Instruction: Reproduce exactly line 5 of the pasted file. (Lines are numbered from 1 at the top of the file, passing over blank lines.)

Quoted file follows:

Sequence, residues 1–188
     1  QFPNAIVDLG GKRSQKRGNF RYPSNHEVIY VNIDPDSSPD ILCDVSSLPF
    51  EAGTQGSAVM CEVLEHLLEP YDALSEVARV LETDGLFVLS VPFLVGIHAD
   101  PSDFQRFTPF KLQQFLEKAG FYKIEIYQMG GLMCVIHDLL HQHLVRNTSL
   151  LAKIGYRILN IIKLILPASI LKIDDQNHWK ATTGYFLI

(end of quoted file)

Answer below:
   151  LAKIGYRILN IIKLILPASI LKIDDQNHWK ATTGYFLI